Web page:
Supporting cast that lasts

The Baltimore Sun

Chicago White Sox starter and Severna Park native Gavin Floyd wasn't the only one in the family making major adjustments this spring.

Floyd's father, Rodney, a dentist, was supposed to attend a conference yesterday in Chicago.

No problem, he figured, because his son was scheduled to pitch at Camden Yards against the hometown Orioles on Wednesday night. But a rainout last week in Chicago pushed back Floyd's Baltimore start to last night.

And Rodney had already paid for the conference, so he was going to miss his son's first performance at Camden Yards since pitching in the annual Crown All-Star Game as a Mount St. Joseph senior in 2001.

The father assumed he wouldn't be among the 100 Gavin Floyd fans here last night to watch the 25-year-old throw six strong innings against the Orioles.

"I figured he'd have enough people to support him. He didn't need me," Rodney Floyd said. "He knows how I feel."

Nature, though, intervened. Rodney Floyd was stricken with flu symptoms.

"I'm as sick as a dog," he said in a barely audible rasp while sitting in a front-row seat next to the visitor's dugout.

If he weren't at the game, he would have been home in bed. But his wife, Elaine, is a nurse. And she knows sick.

"I listened to his chest and took his temperature, and I said, 'You are fine,' " Elaine Floyd said with a smile.

"As long as I was breathing, I was told I'd be coming," Rodney Floyd said.

It was the first time the couple has seen their son pitch this season, and only the third time for the White Sox. He didn't disappoint. He took a no-hit bid into the fifth before Orioles first baseman Kevin Millar singled.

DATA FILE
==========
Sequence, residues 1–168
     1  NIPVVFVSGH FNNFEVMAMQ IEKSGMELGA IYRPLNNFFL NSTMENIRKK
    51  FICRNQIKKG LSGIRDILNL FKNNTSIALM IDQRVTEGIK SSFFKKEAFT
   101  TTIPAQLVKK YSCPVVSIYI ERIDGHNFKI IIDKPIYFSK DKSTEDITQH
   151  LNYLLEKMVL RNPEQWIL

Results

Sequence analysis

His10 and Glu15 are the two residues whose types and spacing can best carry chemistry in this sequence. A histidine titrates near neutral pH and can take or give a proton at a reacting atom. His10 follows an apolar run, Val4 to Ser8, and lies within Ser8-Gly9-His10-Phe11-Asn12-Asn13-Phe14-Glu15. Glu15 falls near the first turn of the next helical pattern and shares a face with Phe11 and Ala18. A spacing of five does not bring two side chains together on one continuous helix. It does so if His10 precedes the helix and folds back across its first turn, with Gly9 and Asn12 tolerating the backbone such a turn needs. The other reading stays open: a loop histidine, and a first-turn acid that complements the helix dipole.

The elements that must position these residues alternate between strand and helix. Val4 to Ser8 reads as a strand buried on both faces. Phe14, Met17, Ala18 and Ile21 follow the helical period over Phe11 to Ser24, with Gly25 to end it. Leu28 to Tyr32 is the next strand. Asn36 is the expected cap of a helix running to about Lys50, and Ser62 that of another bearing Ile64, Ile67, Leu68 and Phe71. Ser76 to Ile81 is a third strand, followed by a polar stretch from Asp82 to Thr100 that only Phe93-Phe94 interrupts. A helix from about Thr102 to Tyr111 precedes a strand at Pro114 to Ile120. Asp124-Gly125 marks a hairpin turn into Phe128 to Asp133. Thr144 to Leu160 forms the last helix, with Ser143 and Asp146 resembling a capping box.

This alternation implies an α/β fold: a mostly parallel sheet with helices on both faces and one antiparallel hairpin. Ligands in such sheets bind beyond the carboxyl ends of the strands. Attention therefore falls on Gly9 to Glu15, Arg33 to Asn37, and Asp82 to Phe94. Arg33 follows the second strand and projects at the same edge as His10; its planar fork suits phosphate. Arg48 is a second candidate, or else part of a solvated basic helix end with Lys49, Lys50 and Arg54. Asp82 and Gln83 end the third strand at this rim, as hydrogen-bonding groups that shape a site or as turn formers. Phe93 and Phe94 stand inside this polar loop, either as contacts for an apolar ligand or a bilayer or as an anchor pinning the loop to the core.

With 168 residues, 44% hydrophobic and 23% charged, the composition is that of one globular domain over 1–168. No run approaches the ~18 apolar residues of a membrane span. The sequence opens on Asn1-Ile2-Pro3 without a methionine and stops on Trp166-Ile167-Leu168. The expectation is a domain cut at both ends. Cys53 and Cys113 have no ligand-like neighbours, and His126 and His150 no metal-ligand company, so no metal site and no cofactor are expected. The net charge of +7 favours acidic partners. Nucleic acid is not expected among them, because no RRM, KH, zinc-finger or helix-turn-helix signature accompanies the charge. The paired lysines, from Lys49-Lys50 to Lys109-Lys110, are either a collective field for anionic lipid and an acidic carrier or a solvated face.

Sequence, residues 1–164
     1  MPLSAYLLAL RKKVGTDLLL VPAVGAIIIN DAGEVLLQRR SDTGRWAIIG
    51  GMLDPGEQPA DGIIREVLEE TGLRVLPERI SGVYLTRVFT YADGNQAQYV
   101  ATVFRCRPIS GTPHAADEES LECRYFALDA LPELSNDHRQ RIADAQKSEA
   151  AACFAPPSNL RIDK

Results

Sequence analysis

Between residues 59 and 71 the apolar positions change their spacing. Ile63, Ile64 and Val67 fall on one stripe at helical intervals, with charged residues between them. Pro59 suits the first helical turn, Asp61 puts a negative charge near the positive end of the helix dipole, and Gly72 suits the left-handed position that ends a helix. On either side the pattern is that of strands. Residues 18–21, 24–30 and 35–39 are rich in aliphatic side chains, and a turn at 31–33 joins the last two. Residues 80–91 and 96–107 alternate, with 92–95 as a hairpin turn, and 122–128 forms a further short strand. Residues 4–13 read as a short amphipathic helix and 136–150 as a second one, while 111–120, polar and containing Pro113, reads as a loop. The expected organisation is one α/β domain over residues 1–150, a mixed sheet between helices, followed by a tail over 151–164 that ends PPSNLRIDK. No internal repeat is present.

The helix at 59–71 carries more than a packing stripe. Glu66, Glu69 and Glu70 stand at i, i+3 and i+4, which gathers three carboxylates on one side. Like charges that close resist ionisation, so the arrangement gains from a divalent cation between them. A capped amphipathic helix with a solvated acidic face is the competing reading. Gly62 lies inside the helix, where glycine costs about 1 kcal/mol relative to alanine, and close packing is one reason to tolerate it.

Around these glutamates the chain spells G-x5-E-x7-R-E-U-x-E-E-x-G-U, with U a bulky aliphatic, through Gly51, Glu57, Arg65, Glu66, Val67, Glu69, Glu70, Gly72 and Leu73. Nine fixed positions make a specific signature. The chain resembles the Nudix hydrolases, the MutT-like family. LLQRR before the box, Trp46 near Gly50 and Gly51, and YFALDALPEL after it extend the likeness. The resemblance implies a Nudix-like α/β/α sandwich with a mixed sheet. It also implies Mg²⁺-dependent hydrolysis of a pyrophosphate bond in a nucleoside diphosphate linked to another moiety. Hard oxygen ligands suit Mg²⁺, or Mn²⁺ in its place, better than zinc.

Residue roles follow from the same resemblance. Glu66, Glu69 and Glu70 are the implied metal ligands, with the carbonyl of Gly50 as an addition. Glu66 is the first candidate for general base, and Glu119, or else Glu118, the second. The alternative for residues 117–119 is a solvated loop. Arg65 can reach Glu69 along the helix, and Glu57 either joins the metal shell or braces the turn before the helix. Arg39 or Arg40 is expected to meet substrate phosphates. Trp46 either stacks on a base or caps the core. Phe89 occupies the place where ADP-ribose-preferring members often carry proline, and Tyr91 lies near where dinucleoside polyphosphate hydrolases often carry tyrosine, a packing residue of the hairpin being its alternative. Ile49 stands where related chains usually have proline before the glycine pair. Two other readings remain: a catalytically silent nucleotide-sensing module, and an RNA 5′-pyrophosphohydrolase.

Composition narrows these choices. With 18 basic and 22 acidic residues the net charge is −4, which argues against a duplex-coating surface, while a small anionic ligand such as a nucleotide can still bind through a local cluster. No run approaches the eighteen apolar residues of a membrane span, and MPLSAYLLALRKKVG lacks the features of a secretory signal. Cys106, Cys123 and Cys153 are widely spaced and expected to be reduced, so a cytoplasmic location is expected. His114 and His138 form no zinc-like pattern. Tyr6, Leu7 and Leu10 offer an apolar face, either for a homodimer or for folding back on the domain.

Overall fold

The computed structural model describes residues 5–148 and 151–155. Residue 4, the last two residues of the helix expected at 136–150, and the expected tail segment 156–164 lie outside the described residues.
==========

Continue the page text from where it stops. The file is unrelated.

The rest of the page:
Floyd didn't allow a run until Nick Markakis' two-run homer in the sixth. And the Floyds, along with Elaine's mother, sister and brother-in-law, had among the best views in the place, directly across from third base in agent Ron Shapiro's box seats.

"It's awesome," Elaine Floyd said. "We know Gavin is just thrilled to pitch against his hometown team. To me, we are just so excited that he is here. This is just a very special evening."

Elaine Floyd said she helped arrange for about 50 friends and family to attend. Another 50 or so came on their own. Most were spread throughout the stadium, including eight from Mount St. Joseph who were in club owner Peter Angelos' box.

Every time Floyd walked off the field, Marylyn Mason clapped and yelled, "Way to go Gavin," from Section 56, about 15 rows up from where the Floyds were.

Mason's son, Chris, grew up with Floyd in Severna Park. The boys played basketball, attended middle school and got kicked out of Spanish class together.

"They both took Spanish together in the hall," said Bert Mason, Marylyn's husband. "Gavin's the nicest kid, he always was."

Chris Mason lives in New York and couldn't make the game, but his parents and sister wanted to show their support.

Although the way Floyd has been pitching this season, he didn't need it. It was his third game for the White Sox this season and his third straight quality start. He has allowed three earned runs and nine hits in 19 1/3 innings (1.40 ERA).

That's a tremendous improvement from his 6.30 career ERA heading into 2008. The difference this season is confidence.

Floyd, the fourth pick overall out of high school in 2001 by the Philadelphia Phillies, made his big league debut as a 21-year-old in 2004. He spent parts of three tumultuous seasons with the Phillies before he was traded to the White Sox in December 2006 as part of the Freddy Garcia deal. A second chance without the pressure of being a club's first-round pick.

"I loved Philadelphia, but I think the expectations for him there were a little too soon," Floyd's father said. "I think it was a good change for him mentally."

The trade meant that the Floyds could no longer take two-hour drives to see their son's starts. Instead, they'd have to watch on the Internet.

Every now and then, though, he'll be in the area. Like yesterday, when he was in his hometown pitching against his childhood team. His mother was there keeping score next to her sick husband, who was holding a baseball glove and wearing a black White Sox cap.

"When we're here and the Orioles are playing, we're Orioles fans," Rodney Floyd said. "But when he comes down, you have to put on the White Sox hat."

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